While it might not make potential trespassers think twice before trying to break in as a big bad guard dog would, it can catch them in the act. The built-in connectivity of the device allows it to automatically upload the footage for you to check it from afar with any synced device.
From there, contacting law enforcement and providing them with the incriminating footage is a much faster process. All without moving from your vacation spot. Neat, right?
For the more forgetful among us, WiFi cameras are also quite handy. For example, have you ever driven out to work only to wonder in the middle of the route if you left the garage door open? If there's nobody else at home to call to check in on it, you would need to drive back to see if you indeed forgot to close it.
However, a well-placed WiFi camera will allow you to check if you actually need to trip back. You can simply make a stop and check the video feed on your mobile device (please don't text and drive!). Thus, potentially saving you a time-consuming trip back.
Workplace Uses for A WiFi Camera
On a professional note, you might also want a wireless camera system because it can be helpful at work. Both for finding lost objects around the office and monitoring employees' activity. If you find yourself having a lot of things go missing around the office, then you might need an extra eye supervising.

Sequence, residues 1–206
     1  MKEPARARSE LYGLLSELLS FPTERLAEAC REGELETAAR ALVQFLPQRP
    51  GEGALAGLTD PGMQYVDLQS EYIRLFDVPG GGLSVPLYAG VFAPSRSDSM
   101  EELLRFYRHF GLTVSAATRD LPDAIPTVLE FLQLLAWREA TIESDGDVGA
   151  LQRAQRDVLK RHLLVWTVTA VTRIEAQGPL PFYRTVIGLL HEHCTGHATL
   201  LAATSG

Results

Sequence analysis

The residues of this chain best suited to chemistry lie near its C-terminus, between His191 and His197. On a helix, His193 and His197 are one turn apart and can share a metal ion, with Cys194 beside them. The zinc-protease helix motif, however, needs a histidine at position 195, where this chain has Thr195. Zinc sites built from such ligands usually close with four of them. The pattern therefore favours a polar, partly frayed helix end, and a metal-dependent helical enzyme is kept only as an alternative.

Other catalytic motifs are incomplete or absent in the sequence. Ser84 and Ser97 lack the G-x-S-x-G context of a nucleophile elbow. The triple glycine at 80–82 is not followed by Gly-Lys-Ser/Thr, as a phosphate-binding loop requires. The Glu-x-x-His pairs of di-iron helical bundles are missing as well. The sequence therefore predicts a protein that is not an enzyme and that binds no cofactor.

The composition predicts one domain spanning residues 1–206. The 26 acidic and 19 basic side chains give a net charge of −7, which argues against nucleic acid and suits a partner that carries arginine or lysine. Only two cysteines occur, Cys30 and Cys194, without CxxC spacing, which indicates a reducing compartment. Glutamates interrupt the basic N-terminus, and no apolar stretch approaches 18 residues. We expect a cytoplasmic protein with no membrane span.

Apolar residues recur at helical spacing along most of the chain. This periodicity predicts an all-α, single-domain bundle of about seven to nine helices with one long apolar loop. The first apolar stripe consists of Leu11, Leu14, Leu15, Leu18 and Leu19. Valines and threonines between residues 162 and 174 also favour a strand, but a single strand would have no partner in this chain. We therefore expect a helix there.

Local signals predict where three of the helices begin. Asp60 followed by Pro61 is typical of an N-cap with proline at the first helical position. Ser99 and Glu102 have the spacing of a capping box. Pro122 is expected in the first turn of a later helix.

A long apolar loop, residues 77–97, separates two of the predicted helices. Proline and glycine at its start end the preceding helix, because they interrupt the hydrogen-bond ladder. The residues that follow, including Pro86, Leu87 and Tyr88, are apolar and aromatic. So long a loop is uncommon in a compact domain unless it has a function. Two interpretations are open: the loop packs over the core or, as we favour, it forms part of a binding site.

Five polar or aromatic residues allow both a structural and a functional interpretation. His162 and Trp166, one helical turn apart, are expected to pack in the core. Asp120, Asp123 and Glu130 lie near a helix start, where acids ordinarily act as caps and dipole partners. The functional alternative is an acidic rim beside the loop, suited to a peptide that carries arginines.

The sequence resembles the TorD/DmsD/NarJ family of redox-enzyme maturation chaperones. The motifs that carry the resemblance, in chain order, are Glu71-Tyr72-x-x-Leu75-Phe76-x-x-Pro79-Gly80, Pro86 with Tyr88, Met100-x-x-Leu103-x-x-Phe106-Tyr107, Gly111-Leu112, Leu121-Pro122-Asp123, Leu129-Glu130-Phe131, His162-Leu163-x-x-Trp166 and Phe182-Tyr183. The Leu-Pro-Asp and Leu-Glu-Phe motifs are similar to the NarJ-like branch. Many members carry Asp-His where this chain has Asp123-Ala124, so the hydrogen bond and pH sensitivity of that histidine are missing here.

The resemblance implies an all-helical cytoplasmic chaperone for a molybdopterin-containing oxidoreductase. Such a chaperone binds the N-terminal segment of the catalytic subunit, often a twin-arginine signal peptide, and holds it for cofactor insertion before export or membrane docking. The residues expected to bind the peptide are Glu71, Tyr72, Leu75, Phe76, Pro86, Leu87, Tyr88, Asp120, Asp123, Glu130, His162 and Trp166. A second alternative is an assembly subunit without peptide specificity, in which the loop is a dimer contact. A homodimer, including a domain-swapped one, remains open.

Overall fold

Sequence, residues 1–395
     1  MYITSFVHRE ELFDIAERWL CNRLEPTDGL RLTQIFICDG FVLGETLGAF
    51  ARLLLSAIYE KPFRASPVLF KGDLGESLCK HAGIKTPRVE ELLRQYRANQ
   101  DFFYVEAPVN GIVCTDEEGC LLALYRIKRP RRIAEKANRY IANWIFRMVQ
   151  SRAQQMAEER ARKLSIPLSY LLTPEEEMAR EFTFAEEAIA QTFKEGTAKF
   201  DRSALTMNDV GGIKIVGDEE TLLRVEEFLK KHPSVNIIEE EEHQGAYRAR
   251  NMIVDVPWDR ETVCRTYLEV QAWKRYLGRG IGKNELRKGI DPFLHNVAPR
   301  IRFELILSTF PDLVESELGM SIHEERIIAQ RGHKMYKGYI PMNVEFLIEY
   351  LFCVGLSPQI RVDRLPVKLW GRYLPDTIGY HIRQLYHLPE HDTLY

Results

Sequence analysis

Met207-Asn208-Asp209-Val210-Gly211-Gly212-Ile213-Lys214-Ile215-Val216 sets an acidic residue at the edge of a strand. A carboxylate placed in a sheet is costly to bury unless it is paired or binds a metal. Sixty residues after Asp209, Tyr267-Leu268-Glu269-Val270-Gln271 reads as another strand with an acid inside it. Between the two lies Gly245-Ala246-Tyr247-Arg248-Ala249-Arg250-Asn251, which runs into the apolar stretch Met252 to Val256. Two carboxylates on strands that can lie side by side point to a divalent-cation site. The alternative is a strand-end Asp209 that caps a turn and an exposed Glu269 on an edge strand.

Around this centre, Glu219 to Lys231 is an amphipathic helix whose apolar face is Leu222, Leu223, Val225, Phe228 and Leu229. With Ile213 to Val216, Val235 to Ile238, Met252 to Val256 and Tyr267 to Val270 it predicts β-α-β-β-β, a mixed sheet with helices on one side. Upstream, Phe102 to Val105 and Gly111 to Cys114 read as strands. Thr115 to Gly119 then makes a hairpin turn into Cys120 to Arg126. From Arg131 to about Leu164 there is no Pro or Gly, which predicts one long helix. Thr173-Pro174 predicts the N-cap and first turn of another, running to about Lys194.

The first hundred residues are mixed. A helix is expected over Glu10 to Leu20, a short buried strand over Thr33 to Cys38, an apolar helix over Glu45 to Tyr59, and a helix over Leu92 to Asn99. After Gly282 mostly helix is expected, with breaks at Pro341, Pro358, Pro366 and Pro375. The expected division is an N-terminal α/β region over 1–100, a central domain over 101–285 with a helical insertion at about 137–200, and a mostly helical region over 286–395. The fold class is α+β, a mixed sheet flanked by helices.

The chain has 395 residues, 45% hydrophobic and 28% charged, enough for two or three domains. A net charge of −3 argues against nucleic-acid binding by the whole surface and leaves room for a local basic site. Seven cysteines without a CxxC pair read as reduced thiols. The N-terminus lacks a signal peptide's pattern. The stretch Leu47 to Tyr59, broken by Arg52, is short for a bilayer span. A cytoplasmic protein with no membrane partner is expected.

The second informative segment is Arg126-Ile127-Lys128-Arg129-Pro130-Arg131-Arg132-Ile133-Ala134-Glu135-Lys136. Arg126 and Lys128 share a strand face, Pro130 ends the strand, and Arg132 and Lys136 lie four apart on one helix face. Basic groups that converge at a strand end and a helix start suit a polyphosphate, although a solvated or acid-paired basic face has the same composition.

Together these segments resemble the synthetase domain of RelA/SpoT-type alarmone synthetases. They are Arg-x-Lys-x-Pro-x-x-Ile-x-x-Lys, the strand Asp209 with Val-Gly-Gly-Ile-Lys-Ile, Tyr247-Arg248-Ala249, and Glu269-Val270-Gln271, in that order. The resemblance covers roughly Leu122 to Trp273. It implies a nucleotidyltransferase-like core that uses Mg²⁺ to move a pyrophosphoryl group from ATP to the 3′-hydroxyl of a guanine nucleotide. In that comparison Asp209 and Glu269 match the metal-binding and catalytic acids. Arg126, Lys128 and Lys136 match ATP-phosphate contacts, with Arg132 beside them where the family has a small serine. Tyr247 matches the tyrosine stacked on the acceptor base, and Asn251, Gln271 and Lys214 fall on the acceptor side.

As a manager, having a WiFi camera streaming video directly to your phone cuts out the middle man as well. For example, if you had a traditional CCTV monitoring system, it's likely that you need one or more people observing the camera's feed for hours. In the case there's theft going on around the workplace, they would be able to catch when it happens and who did it.
However, what happens if they are in on it? That would add another layer of difficulty into handling the situation, thus, slowing down the resolution of the issue. That's not a problem if you are using a WiFi camera which captures the video and provides you the feed untampered directly to your synced devices. Quite an advantage to handle these uncomfortable situations.